Muenster’s Williams vaults toward college

Randy Williams, Darlene Williams and John Rhodes surround Muenster senior Warren Williams, who recently signed his national letter of intent to pole vault at East Texas Baptist University.

Muenster senior Warren Williams has been pole vaulting since the eighth grade and he recently secured his pole vaulting future as he signed his national letter of intent to play at East Texas Baptist University.

Williams said seeing some success early helped give him hope of pole vaulting in college.

“I wanted to continue my pole vault and I thought I was good at it and thought it could take me to college,” Williams said. “If you jump above double digits, you’re doing pretty good. I jumped 10 feet, 6 inches. It’s something not everyone is doing. It’s fun to get up in the air. It’s hard to explain.”

Williams’s best jump is 14 feet, 2 inches and earlier in the year, he was at an indoor meet with coaches from East Texas Baptist. Williams got a chance to visit the campus, which he said was beautiful.

Pole vaulting can be a dangerous sport, but Williams has never been concerned with being hurt.

“Everyone has to take risks,” Williams said. “Football is a dangerous sport, but I have fun doing it. The thought of going out there and beating your own record and it does help to have people that push you. There is a great community of pole vaulters.”

Williams participates in a pole vaulting club called the Vaultcats and travels to Aledo once a week to work with coach John Rhodes. Williams said most good pole vaulters participate in clubs and there are several benefits.

“We had a local coach in Muenster that taught me and in my sophomore year I found a club coach in Aledo,” Williams said. “I would drive two hours each way once a week to go pole vault down there. Poles are very, very expensive but if you have a club, they’ll furnish a lot of the poles. The club will help connect you with people and having a club coach helped open the door to those opportunities.”

Williams said the pole vault community is small, but the sport’s uniqueness is one of the facets that draws him to it.

“A lot of people tell you to just run at it and plant the pole, but as you get more and more detailed, you have to run with speed and put pressure to the pole,” Williams said. “It’s crazy to think that when you plant that pole that you’re 13 feet away. It’s not something you really think about as a pole vaulter but you just do it.”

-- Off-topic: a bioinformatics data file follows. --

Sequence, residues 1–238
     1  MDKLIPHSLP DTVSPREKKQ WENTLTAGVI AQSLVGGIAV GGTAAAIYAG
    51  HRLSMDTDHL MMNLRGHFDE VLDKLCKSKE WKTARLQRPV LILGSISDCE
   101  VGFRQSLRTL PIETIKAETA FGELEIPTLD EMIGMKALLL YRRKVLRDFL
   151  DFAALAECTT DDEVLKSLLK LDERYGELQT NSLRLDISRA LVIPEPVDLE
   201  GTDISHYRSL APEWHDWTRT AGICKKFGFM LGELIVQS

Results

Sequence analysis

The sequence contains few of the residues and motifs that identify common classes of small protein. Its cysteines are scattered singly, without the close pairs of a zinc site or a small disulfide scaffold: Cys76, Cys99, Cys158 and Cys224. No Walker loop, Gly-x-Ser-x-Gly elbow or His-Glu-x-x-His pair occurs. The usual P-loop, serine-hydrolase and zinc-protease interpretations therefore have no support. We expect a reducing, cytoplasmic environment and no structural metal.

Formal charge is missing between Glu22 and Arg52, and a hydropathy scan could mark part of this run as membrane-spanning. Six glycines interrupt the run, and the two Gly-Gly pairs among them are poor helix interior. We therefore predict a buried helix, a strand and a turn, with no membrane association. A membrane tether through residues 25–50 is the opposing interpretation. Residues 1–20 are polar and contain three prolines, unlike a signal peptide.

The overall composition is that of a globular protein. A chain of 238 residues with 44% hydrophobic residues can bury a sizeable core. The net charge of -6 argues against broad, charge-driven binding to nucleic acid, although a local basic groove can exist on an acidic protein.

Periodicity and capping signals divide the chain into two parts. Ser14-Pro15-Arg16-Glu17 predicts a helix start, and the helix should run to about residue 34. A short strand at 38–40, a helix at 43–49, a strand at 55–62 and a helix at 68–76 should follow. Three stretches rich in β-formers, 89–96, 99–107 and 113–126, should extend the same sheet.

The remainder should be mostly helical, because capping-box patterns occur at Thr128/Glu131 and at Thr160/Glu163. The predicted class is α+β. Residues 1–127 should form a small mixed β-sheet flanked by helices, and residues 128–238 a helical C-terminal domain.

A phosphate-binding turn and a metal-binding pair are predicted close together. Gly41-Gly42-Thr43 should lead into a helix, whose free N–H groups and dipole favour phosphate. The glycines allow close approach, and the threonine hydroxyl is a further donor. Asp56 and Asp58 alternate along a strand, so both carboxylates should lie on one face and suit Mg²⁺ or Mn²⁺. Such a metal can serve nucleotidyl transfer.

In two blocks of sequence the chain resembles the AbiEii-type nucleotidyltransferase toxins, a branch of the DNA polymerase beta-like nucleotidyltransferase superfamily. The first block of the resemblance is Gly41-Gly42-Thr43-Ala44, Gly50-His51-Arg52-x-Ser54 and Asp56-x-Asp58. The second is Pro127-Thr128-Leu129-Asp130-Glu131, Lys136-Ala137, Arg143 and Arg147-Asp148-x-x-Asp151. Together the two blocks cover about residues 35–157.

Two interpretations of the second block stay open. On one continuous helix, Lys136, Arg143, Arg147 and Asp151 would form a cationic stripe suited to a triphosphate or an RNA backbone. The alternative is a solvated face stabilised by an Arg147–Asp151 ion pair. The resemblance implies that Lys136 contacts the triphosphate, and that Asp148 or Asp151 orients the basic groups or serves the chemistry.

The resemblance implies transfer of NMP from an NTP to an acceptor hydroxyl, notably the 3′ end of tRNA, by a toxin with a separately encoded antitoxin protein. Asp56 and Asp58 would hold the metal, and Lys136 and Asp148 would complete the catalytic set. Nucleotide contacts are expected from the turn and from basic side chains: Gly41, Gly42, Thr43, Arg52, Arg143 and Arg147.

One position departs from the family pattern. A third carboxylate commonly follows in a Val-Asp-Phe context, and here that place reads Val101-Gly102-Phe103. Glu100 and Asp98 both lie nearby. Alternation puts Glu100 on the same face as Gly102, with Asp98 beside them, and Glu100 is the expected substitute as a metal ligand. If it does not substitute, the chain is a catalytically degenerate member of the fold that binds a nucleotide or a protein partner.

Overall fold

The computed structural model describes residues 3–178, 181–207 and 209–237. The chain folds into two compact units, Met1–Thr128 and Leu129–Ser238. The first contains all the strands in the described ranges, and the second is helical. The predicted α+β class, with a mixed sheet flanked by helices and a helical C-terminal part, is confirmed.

Williams considered South Plains College and McMurry University, but ultimately landed on East Texas Baptist.

“South Plains is a two-year college and they never contacted me back,” Williams said. “East Texas has a better pole vaulting club. They’re right next to Stephen F. Austin and they own a pole vaulting brand, so they can get poles from them easy. Poles are everything. East Texas has good facilities and a good track program for it.”

He will pursue a business management degree. Williams said he has always worked with his hands and hopes to continue to do so by owning his own business.

“I’ve been in several different jobs in high school and I’d like to start my own business one day in the community,” Williams said. “I don’t know if I could work for anybody else. I can make my own hours and work when I want to work and do what I love.”

Williams said it means a lot to him to be able to continue his pole vaulting career.

“It’s great to know what I was doing in high school and pole vaulting every week to get to do it in college,” Williams said. “I didn’t really know I was going to college. I thought I was going to work a trade job but pole vaulting has taken me off to college. I’m going to try my hardest as I have in school and I’m dyslexic so it’s hard to read. I had to push hard in high school and I’ll have to push hard in college, but I’ll make it through somehow.”

Williams said he is looking forward to not having to carry his near 15-foot poles everywhere and that he is knows there are many techniques to be learned.

“There is a thing called underwater pole vaulting I’m looking forward to and running is the main thing in pole vaulting,” Williams said. “You have to be able to carry a pole and be fast. I like running, but it’s not my favorite thing to do. I’m always having to put the work in. I bet I’ll have to run more and it’s going to come quick too.”

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